Tag: shots

Which Vaccines can be Given SQ?

When most folks think about getting a vaccine, they typically picture someone getting a shot.

It is important to remember that not all vaccines are shots though.

And even for those vaccines that are given as shots, not all of them are given intramuscularly (IM).

Some vaccines are also given orally, nasally, and subcutaneously.

Which Vaccines can be Given SQ?

Vaccines that are given by subcutaneous injection include:

  • MMR
  • ProQuad (MMR/V combination of MMR and chickenpox vaccines)
  • Pneumovax* (Pneumococcal vaccine)
  • IPV* (polio vaccine)
  • Varivax (chickenpox vaccine)
  • Zoster (shingles vaccine)

*The Pneumovax and IPV vaccines can be given either IM or Subcutaneously (SQ). And there are some other exceptions too. Kids with hemophilia can get the hepatitis A and B vaccines SQ, instead of IM.

Where to Give SQ Injections?

After asking how many shots they are going to get, kids often ask where they are going to get them?

While infants get their subcutaneous injections in the fatty tissue over their anterolateral thigh muscle, toddlers and older children get them in the fatty tissue over their anterolateral thigh muscle or triceps.

Older children get SQ injections in the the upper-outer triceps area.
Older children get SQ injections in the the upper-outer triceps area.

Be sure to use the correct needle size, length and gauge (typically 5/8″ and 23-25 gauge), and insert the needle with a quick thrust at a 45° angle to the skin (rapid injection technique), pinching up on the SQ tissue to avoid hitting the muscle, and instead injecting in the subcutaneous tissue between the skin and muscle.

Also keep in mind that it is not necessary to aspirate after injecting the needle and that multiple injections in the same extremity should be separated by at least one inch.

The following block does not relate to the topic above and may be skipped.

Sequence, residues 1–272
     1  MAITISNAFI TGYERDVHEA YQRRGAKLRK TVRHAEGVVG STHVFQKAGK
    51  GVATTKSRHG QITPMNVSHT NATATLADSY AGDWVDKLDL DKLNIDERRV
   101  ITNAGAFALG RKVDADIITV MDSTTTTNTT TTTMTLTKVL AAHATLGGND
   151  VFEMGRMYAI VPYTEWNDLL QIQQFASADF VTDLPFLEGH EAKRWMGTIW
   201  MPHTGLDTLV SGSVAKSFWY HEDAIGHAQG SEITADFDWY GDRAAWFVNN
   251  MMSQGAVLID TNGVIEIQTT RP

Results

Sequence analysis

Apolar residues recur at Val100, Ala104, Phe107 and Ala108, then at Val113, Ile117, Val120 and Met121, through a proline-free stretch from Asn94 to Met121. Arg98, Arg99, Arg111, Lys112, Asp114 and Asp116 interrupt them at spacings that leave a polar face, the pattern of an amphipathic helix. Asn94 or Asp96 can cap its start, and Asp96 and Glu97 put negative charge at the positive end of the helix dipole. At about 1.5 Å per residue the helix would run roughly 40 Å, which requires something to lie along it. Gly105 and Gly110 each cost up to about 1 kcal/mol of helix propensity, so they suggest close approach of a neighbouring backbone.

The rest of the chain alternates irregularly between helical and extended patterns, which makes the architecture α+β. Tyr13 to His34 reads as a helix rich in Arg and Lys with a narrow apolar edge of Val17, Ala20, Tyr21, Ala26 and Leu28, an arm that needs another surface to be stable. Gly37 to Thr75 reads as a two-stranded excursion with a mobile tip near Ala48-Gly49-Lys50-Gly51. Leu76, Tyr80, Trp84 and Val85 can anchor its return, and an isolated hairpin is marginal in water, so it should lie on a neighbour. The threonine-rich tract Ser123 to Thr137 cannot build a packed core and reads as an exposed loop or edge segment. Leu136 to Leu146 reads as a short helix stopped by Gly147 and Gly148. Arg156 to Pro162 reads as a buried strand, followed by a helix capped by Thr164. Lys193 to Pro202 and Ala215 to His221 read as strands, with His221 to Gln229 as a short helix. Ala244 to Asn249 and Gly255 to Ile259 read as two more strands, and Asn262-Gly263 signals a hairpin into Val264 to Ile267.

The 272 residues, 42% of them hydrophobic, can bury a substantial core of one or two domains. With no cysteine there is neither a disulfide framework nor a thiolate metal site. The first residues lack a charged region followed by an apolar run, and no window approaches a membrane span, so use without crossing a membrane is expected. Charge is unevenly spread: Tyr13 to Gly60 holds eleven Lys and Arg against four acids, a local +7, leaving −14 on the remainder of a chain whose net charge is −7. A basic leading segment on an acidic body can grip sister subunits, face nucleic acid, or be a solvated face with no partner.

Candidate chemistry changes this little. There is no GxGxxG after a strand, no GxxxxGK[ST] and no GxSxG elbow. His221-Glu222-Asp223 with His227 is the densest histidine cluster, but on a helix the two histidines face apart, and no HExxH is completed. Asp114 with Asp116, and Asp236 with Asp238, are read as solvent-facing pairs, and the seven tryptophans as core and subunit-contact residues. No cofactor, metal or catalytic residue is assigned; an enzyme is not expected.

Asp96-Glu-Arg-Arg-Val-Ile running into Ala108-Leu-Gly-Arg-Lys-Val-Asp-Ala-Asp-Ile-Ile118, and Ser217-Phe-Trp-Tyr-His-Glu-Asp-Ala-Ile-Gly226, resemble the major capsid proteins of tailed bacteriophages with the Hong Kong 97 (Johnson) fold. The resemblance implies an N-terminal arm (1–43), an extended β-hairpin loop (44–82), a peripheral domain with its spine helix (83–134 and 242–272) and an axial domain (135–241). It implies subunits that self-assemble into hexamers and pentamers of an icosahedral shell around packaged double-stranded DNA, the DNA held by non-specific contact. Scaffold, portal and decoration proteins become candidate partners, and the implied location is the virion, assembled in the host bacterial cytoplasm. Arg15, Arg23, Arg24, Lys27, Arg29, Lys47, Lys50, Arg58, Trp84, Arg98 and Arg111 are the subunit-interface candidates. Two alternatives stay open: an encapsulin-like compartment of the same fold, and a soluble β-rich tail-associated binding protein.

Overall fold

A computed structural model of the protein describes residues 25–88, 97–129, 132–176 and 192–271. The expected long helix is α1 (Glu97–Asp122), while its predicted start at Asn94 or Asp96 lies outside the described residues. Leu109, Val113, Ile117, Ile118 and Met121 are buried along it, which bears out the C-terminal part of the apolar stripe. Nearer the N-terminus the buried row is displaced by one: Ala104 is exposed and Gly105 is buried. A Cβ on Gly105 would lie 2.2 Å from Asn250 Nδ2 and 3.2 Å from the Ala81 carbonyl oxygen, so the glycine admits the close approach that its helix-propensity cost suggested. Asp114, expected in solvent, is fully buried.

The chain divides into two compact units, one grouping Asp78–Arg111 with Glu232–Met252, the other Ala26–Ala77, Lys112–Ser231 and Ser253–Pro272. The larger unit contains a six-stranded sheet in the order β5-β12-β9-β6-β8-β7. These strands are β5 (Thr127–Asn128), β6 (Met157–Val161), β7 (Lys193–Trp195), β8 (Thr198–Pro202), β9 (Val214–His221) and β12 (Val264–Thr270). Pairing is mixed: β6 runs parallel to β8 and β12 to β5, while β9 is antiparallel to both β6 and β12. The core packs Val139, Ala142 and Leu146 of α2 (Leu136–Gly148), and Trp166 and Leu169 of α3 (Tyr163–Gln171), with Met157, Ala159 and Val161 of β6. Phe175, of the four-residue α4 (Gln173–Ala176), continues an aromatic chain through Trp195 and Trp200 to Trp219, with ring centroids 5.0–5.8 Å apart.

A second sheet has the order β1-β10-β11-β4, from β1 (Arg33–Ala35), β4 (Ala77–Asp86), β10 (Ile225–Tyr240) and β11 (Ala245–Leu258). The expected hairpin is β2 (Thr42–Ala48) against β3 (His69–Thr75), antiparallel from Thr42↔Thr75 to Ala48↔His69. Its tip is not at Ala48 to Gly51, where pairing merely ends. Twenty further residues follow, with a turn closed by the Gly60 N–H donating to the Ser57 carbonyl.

What to Know About SQ Vaccines

It is important to know which vaccines need to be given subcutaneously (SQ) and both how and where to give these shots.

More on SQ Vaccines

 

Which Vaccines Can Be Given IM?

When most folks think about getting a vaccine, they typically picture someone getting a shot.

It is important to remember that not all vaccines are shots though.

And even for those vaccines that are given as shots, not all of them are given intramuscularly (IM).

Some vaccines are also given orally, nasally, and subcutaneously.

Which Vaccines Can Be Given IM?

Vaccines that are given by intramuscular injection include:

  • DTaP, Pediarix, Pentacel, Kinrix, Quadracel (DTaP containing vaccines)
  • hepatitis A
  • hepatitis B
  • Hib containing vaccines (Hib, Pentacel, Comvax, Kinrix, Quadracel)
  • Gardasil9 (HPV vaccines)
  • flu shots
  • Menactra, Menveo, Bexsero, Trunembra (Meningococcal vaccines)
  • Prevnar13, Pneumovax* (Pneumococcal vaccines)
  • IPV* (polio vaccine)
  • Boostrix, Adacel (Tdap vaccines)

*The Pneumovax and IPV vaccines can be given either IM or Subcutaneously (SQ).

There are exceptions though. Kids with hemophilia can get IPV and the hepatitis A and B vaccines SQ, instead of IM.

Where to Give IM Injections?

The upper arm is the best place to give shots to older kids.
The upper arm is the best place to give shots to older kids.

After asking how many shots they are going to get, kids often ask where they are going to get them.

While newborns, infants, and younger toddlers get their IM injections in their anterolateral thigh muscle, older children typically get them in their anterolateral thigh muscle or in the deltoid muscle of their arm.